Political Relations between Turkey and Georgia

Turkey recognized the independence of Georgia on 16 December 1991. The Protocol on Establishment of Diplomatic Relations between the two countries was signed on 21 May 1992. Both countries have opened Embassies in each other’s capital. Turkey has a Consulate General in Batumi, while Georgia has two Consulates General in İstanbul and Trabzon.

Turkey’s relations with Georgia are at strategic level. Turkey has been the biggest trade partner of Georgia since 2007 and among the leading investor countries to Georgia. In accordance with the protocol signed on 31 May 2011 and which entered into force on 10 December 2011, Turkish and Georgian citizens are able to travel each other’s country with their national identity documents.

Mutual high level visits are carried out on a regular basis. With the aim of further developing bilateral relations, High Level Strategic Cooperation Council (HLSC) mechanism was established. The first round of HLSC meeting was held in Ankara on 19 July 2016 and the second round of HLSC was held in Tbilisi on 23 May 2017. The third round is expected to be held in Turkey.

The mechanisms of Turkey-Georgia-Azerbaijan and Turkey-Georgia-Azerbaijan-Iran contribute to regional stability, peace and prosperity. The first Summit of Turkey-Georgia-Azerbaijan mechanism was held on 6 May 2014 in Tbilisi. The next Summit is expected to be held in Azerbaijan. The seventh trilateral meeting of Foreign Ministers was held on October 29, 2018 in Istanbul. The next meeting is expected to be held in Tbilisi. The first meeting of Turkey-Georgia-Azerbaijan-Iran Foreign Ministers was held on March 15, 2018 in Baku. The next meeting is expected to be held in Georgia.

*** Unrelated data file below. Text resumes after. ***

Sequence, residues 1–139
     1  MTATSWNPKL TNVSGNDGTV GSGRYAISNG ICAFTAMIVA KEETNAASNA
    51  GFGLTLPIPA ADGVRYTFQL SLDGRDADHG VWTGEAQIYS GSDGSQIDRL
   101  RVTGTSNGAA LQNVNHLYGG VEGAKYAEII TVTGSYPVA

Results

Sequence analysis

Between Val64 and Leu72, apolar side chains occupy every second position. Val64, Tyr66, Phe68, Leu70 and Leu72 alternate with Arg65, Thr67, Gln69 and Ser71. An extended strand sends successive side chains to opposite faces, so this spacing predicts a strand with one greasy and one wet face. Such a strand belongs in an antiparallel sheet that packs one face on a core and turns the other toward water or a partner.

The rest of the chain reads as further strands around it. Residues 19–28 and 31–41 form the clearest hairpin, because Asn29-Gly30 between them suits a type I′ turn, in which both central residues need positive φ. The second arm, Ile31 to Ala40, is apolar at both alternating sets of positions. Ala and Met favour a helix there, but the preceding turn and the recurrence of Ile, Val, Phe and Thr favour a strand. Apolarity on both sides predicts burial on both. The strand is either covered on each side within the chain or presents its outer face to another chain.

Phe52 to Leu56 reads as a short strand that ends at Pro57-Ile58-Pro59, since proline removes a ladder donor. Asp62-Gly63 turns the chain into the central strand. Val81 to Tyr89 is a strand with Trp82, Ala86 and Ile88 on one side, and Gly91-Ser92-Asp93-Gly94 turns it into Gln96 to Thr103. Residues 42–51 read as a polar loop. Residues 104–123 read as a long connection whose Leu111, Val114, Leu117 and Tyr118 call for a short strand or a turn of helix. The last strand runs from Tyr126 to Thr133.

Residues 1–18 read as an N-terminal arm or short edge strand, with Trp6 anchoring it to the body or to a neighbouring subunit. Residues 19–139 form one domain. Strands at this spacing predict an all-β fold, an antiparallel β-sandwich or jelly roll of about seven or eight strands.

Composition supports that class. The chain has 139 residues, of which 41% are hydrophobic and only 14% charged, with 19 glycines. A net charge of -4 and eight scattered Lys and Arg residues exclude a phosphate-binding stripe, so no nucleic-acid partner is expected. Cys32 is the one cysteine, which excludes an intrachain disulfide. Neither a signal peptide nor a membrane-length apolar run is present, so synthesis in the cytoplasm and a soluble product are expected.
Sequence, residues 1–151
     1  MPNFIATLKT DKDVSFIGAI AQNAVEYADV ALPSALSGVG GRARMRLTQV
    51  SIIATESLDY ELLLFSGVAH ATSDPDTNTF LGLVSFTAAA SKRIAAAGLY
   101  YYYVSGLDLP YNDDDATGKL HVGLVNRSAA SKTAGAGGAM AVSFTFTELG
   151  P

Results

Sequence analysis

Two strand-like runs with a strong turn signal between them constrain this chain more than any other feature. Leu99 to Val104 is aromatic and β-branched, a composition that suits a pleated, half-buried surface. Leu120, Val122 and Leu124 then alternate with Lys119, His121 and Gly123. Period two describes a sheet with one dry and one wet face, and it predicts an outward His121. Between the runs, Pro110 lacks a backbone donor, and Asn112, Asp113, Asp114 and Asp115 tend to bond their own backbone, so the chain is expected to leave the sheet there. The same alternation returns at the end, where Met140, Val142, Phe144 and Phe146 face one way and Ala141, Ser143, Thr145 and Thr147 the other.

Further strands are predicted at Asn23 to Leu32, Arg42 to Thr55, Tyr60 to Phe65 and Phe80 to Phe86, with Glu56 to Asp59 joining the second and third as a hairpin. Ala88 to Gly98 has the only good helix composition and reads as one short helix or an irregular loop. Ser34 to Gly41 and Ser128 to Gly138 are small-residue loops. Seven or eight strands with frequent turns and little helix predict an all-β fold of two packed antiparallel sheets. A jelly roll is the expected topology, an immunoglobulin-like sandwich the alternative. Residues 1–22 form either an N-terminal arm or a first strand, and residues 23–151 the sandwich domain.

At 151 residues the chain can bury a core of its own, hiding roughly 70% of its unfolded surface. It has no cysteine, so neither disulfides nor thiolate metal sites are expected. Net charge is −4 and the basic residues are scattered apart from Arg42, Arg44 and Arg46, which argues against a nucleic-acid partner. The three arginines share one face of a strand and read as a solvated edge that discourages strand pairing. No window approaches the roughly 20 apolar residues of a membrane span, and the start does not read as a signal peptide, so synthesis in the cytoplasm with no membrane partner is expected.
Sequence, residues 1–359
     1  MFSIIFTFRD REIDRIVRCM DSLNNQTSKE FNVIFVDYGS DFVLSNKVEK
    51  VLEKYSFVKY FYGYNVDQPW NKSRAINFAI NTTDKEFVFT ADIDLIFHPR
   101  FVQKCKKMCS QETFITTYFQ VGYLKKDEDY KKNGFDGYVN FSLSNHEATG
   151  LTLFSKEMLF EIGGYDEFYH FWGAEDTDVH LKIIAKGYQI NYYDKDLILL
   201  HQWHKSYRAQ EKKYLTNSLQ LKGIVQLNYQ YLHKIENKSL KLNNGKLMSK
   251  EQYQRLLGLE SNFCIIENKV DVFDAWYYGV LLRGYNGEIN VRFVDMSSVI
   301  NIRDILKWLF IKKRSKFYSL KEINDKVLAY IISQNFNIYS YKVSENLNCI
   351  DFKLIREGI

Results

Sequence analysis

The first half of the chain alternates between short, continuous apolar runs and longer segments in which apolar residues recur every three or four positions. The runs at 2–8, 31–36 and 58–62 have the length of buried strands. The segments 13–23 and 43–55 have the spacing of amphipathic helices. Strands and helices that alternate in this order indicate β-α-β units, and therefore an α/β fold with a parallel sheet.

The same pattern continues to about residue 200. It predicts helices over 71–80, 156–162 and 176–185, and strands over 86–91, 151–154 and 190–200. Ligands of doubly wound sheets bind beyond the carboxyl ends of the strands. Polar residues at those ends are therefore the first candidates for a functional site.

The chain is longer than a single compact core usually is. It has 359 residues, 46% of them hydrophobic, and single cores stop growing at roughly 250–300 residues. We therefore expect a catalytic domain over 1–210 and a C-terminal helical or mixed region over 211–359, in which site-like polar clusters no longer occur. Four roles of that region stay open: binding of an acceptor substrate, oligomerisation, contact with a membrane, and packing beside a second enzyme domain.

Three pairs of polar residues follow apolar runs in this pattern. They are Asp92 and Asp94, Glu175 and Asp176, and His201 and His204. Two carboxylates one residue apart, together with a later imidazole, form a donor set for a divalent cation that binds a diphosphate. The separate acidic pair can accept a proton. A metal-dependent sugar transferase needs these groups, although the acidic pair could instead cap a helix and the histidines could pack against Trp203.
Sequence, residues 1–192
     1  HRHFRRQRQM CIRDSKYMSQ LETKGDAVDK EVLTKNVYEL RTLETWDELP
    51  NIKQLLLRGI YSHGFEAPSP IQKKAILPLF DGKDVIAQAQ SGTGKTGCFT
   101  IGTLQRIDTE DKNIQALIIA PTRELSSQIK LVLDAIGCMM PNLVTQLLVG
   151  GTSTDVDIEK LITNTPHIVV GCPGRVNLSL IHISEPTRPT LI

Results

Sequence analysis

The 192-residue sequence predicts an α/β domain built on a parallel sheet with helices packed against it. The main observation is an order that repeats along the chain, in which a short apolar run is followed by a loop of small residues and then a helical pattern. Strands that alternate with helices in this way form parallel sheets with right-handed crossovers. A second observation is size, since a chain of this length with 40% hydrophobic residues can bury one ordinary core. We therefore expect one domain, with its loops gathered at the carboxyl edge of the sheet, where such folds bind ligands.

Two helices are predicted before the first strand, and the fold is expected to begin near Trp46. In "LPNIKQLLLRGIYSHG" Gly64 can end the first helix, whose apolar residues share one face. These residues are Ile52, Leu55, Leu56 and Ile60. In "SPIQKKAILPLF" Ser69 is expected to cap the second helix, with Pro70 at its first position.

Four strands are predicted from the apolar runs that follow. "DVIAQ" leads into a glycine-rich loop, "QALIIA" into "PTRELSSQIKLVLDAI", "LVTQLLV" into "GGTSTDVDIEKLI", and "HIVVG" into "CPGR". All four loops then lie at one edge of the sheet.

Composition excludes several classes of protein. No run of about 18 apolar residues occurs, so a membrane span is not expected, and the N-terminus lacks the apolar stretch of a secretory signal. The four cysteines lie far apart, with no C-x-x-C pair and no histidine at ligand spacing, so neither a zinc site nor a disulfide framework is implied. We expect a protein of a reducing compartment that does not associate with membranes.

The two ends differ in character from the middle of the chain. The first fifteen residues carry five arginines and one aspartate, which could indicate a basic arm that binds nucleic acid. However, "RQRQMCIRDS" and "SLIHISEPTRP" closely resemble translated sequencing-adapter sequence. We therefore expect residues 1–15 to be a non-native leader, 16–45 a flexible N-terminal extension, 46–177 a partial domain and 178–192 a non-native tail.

Turkey strongly supports territorial integrity of Georgia and does not recognize the so-called independence of Abkhazia and South Ossetia. Turkey hopes that these conflicts will be resolved within Georgia's territorial integrity and sovereignty through peaceful means. Turkey also supports Georgia's efforts for integration with Euro-Atlantic organizations.

Another important issue on the bilateral agenda is the return process of Ahıska Turks to their homeland. Turkey closely follows this issue and wishes that all obstacles in the return process will be eliminated in line with the obligations that Georgia assumed while being a member to the Council of Europe in 1999. On the other hand, almost 3000 Ahıska Turks residing in the conflict areas of eastern Ukraine were brought to Turkey so far and settled in Üzümlü district of Erzincan and Ahlat district of Bitlis.